I believe that the glory of god is revealed in the detection of subatomic neutrinos by physicists in an old gold mine in South Dakota. I believe in the gospels of Albert, Isaac and Charles. I imagine that the “ping” of a neutrino in the detector brings a brief light to the face of god.
The duality of light, the forces at the core of atoms, the shear genius of evolving cognitive thought out of molecules of carbon, nitrogen, oxygen and hydrogen, these things, the nitty-gritty of scientific query, solidify my faith in divinity.
Folks may say a reductionist approach to science, that is, the effort to explain the whole by the sum of its parts, leads to a gradual elimination of godly considerations. I contend the opposite is true. That humans evolved not just from primates but from a sea of turbulent molecules, adds to the evidence that god created everything, including the molecules. That the age of the world as billions of years old does not contradict the existence of god but supports the existence of a patient god. That the pigment in a sunflower reflects yellow light that appeals to bees, birds and artists like Van Gough suggests, to me, that beauty is divine.
It is unfortunate and unfair that science gets an anti-religious rap. Science, when it is done right and taught right, does not take the credit from god and does not define truth. Leeuwenhoek showed us a view of the cell, he did not create it. Galileo suggested a different view of the solar system, he did not invent it. Einstein said, “In our endeavor to understand reality we are somewhat like a man trying to understand the mechanisms of a closed watch… If he is ingenious, he may form some picture of a mechanism which could be responsible for the things he observes, but he may never be quite sure his picture is the only one which could explain his observations.”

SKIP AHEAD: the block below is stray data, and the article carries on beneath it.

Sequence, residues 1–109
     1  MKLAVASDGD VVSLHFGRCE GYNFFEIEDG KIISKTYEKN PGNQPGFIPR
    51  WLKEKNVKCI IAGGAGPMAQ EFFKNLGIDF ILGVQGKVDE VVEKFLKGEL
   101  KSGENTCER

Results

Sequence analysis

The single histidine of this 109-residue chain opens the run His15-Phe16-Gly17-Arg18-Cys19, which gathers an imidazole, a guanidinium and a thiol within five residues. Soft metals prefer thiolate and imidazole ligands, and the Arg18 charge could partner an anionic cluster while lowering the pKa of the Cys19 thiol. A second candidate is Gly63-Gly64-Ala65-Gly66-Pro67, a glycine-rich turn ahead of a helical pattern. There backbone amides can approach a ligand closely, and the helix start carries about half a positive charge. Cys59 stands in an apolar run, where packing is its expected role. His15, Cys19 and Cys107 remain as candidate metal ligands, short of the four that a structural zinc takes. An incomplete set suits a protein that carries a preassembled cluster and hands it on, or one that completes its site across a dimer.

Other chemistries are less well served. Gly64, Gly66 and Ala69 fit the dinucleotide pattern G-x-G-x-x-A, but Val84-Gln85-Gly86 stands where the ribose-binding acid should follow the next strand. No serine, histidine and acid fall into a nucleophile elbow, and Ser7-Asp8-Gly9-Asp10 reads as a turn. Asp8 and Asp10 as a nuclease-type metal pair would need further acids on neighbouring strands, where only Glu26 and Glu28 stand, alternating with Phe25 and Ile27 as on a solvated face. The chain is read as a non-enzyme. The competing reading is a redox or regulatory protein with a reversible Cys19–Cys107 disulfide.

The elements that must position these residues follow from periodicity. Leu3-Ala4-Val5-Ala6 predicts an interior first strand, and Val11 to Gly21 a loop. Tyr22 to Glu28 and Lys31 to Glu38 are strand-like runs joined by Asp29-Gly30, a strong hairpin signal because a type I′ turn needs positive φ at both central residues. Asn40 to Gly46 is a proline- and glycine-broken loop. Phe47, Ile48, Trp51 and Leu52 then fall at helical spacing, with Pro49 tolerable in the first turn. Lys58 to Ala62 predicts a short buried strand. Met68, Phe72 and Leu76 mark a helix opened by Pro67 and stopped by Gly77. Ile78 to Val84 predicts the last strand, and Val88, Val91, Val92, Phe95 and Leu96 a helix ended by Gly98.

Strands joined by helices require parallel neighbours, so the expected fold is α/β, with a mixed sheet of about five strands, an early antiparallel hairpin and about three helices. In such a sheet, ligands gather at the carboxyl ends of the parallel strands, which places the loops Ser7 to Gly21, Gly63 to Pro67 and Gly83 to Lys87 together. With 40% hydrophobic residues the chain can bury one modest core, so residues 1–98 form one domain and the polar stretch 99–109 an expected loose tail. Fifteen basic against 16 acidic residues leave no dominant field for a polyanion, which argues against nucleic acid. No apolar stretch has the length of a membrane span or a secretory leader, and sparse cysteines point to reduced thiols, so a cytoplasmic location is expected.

Perhaps to me science is a window on the wonder of the universe. When I was a young woman studying neuroscience I was fascinated by the electrical signals that jump around the brain. I learned that these signals are made by the rushing of brain chemicals into and out of the cells of the nervous system. I learned that these signals when seen in the context of thousands of connected pathways create patterns of activity of enormous complexity. And I was awed by the knowledge that somehow these rushing chemicals, these electrical impulses, these multi-dimensional patterns create thoughts.
When I eagerly read of a scientific endeavor I don’t just want to know how something might work but I want another chance to look into the vision of God. Einstein and his fellows like Newton and Darwin should not be viewed as godless but as rabbis who interpret divine work.
If you enjoyed this essay, please consider making a tax-deductible contribution to This I Believe, Inc.